Stout’s Expert Opinion Assists in Real Estate Client’s Bankruptcy Court Victory

January 16, 2019

A multi-year, multi-million-dollar Bankruptcy Court dispute recently concluded with a victory for a residential development firm, which was supported by the expert opinion of Stout’s John VanSanten.

John, a Managing Director and Co-Leader of the Real Estate Valuation Practice at Stout, delivered expert testimony at both deposition and trial in the case In re:  Kimball Hill, Inc., et al., Debtors, United States Bankruptcy Court for the Northern District of Illinois, Eastern Division, 2019. The dispute involved an investor/developer (the “purchaser” and ultimately Stout’s client) that had acquired residential real estate assets from a bankruptcy. The court agreed with John’s testimony, which contributed to a favorable outcome for the purchaser.

The origin of the dispute goes back to 2008 when a national homebuilder filed for Chapter 11 bankruptcy protection. Stout’s client subsequently purchased several of the homebuilder’s partially complete residential subdivisions. At the time, the Bankruptcy Court approved the sale of real property, free and clear of liens, but after Stout’s client’s acquisition, the surety/bonding company that had issued performance bonds for each subdivision sued the purchaser of these assets in State Court to recover the cost of the bonded improvements. As a result of these lawsuits, the purchaser was prevented from developing and/or selling the assets due to the cloud of the pending litigation, which lasted for six years.

The purchaser hired John and his team to prepare an expert opinion of the damages related to the diminution in value caused by the six-year “forced delay,” which prevented the purchaser from developing and/or selling the real property during that time. John issued an expert report and provided testimony that focused on the cash flows associated with the properties under two scenarios:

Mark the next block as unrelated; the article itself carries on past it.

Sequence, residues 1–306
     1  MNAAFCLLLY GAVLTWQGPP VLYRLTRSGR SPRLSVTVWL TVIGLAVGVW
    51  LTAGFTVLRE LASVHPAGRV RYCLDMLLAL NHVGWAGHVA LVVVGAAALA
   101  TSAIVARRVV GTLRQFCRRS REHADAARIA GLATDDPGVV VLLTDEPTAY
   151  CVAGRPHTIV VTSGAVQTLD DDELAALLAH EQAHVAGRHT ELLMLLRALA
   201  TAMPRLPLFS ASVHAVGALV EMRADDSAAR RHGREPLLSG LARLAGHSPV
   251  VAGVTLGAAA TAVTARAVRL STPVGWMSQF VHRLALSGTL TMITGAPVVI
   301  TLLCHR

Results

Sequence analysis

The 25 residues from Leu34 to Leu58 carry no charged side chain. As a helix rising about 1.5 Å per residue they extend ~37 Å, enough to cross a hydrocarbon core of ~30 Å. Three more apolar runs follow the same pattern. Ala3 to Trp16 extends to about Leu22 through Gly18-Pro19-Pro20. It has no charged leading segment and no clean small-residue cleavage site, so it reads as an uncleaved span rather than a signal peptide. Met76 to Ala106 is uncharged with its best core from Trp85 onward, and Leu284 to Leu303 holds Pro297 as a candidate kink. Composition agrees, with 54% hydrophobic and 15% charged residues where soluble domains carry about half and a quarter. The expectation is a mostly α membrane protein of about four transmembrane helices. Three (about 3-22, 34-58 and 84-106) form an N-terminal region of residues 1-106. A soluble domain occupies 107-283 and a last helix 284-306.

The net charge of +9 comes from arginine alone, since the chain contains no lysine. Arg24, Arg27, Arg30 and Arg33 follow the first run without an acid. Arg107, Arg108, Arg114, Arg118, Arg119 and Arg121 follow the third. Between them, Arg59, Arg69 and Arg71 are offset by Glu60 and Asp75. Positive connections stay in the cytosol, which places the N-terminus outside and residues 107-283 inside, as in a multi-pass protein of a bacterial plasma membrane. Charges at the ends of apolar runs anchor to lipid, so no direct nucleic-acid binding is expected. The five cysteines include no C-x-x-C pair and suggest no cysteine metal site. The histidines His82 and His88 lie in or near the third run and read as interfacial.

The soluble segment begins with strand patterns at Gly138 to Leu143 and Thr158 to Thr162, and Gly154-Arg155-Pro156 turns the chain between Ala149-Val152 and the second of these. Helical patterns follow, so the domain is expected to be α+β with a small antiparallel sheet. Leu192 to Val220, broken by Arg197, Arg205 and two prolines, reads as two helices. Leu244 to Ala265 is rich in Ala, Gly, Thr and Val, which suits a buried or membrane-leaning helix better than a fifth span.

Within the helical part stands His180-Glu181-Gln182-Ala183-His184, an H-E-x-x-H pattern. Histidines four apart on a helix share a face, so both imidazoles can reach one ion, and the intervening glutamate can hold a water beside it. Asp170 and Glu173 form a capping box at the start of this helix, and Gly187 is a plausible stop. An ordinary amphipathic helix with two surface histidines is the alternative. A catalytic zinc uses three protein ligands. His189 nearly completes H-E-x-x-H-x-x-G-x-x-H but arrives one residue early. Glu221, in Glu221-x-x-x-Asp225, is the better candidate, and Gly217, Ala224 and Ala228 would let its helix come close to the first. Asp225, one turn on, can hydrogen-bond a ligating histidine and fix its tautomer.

1. present value of cash flows assuming no delay in developing and/or selling the real properties
  2. present value of the cash flows assuming a six-year forced delay in developing and/or selling the properties

John and his team concluded that the difference between the two scenarios reflected the diminution in value caused by the forced delay – and exceeded $7.7 million.

Ultimately, the Bankruptcy Court ruled that the surety company had violated the “Bankruptcy Plan” by filing these lawsuits and was therefore in contempt of court, and that the purchaser was entitled to damages. The judge issued a decision awarding damages to Stout’s client amounting to more than $9.5 million, including the over $7.7 million in property damages that John opined during the case.

In its ruling, the court stated:

“VanSanten’s methodology in the Stout Report is organized, clear, and convincing …The Stout Report is thus based on sound methodology, performed by a credible expert, and has assisted the court in determining whether [the surety company’s] actions have affected the property held by [the purchaser].”